Morton Arboretum

CHICAGO REGION TREES INITIATIVE The Arboretum also works directly with local communities through the Chicago Region Trees Initiative to educate and advise on planning, planting and the importance of tree diversity. Recently their research on tree species and soil helped them partner with the Illinois Tollway Authority to determine which trees will best survive with the salt used on winter roadways. Their findings are currently applied throughout Illinois roadways.

Morton Arboretum is more than a pretty place, it’s an out- door living museum. Originally purchased in 1922 as the country estate of Mr. Joy Morton, founder of the Morton Salt company, the 1,700 acres that make up the Arboretum was left as a land trust, with the mission of creating a “greener, healthier, more beautiful world.” Today, Morton Arboretum exists not only as a gorgeous natural place with several lakes and 16 miles of trails, but as a living laboratory, housing more than 4,000 species of trees from 40 countries. Following are a couple of examples of how their extensive work is protecting the trees of the world.

GLOBAL TREE CONSERVATION PROGRAM Among the trees in Morton Arboretum’s collection are three of the rarest species in the world: the Fraser fir, the Paperbark maple and the Georgia oak. Scientists and researchers work tirelessly as a part of the Global Tree Conservation Program to protect these tree species and others by promoting genetic diversity, assessing threats, plant propagation, seed collection and distribution, and strengthening the global network of tree experts. With 10% of the world’s trees in danger of extinction, the work being done by the Global Tree Conservation Program is vital for their survival.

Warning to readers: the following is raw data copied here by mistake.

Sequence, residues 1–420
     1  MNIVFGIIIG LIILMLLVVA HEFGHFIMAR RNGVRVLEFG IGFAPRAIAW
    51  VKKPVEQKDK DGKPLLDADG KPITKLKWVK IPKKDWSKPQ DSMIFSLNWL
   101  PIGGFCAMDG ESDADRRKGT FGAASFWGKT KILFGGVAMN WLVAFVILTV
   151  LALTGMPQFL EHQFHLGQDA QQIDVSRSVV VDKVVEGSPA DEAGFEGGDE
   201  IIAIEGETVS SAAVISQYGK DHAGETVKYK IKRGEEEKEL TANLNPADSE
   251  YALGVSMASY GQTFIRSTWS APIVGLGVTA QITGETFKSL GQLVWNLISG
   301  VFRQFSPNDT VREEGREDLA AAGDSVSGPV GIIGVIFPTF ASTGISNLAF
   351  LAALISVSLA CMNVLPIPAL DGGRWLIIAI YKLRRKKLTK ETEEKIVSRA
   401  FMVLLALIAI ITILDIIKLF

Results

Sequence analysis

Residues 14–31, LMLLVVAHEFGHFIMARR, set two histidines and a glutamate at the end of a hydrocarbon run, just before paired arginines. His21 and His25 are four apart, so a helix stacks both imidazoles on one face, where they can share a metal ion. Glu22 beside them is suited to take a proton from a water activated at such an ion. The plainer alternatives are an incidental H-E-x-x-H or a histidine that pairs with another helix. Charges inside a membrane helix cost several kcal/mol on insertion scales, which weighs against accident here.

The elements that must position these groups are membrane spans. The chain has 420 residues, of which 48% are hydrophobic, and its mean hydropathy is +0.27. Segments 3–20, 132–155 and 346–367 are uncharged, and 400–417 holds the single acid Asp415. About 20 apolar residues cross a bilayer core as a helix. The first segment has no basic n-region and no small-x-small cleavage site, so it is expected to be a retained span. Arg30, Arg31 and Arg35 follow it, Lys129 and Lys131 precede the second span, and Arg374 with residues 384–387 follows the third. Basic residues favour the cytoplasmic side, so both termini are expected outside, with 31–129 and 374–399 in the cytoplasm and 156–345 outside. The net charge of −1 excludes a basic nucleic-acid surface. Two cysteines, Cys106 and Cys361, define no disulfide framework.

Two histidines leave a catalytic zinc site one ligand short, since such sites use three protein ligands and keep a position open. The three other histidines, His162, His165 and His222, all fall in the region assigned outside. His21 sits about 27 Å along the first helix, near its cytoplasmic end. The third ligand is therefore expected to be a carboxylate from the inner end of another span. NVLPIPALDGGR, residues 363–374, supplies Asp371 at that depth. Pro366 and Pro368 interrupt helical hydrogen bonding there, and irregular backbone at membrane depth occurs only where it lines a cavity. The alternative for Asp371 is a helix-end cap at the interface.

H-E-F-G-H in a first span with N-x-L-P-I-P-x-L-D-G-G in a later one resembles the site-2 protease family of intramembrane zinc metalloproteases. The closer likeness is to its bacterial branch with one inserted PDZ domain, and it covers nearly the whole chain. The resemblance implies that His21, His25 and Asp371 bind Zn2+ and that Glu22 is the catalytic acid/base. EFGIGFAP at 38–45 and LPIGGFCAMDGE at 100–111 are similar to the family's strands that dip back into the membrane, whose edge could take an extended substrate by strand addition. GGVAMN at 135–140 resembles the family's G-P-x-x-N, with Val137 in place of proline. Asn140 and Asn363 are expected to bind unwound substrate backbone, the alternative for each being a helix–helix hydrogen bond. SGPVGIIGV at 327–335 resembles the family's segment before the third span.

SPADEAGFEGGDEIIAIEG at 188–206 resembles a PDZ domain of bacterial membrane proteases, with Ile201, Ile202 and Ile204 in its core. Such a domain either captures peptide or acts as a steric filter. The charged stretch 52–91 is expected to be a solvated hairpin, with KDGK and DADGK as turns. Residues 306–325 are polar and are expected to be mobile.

ACCOLADE ELM While the Global Tree Conservation Program is, by definition, an international initiative, Morton Arboretum is spearheading several national and even local initiatives to pro tect and conserve trees. “When the Dutch elm disease started killing thousands upon thousands of trees, we developed a new species called the Accolade elm that was resistant to the disease,” notes Jennifer GoodSmith, vice president of marketing and communications. “Hundreds of thousands are now sold and planted each year.”

KEEPING DUPAGE COUNTY GREEN The Arboretum itself is beautiful and serene, but the main goal is to educate its visitors to care for and appreciate the environment. From the four-acre award-winning Children’s Garden to the wide variety of year-round events, Morton Arboretum engages and inspires all ages to become champions of trees every day of the year.

The importance of education is a common theme found within these esteemed scientific institutions. Whether learning about the APS at Argonne, attending a lecture at Fermilab, feeding a giraffe at Brookfield Zoo, or simply sitting in the shade of a tall oak at Morton Arboretum, it is safe to say that, in DuPage, science is all around you.


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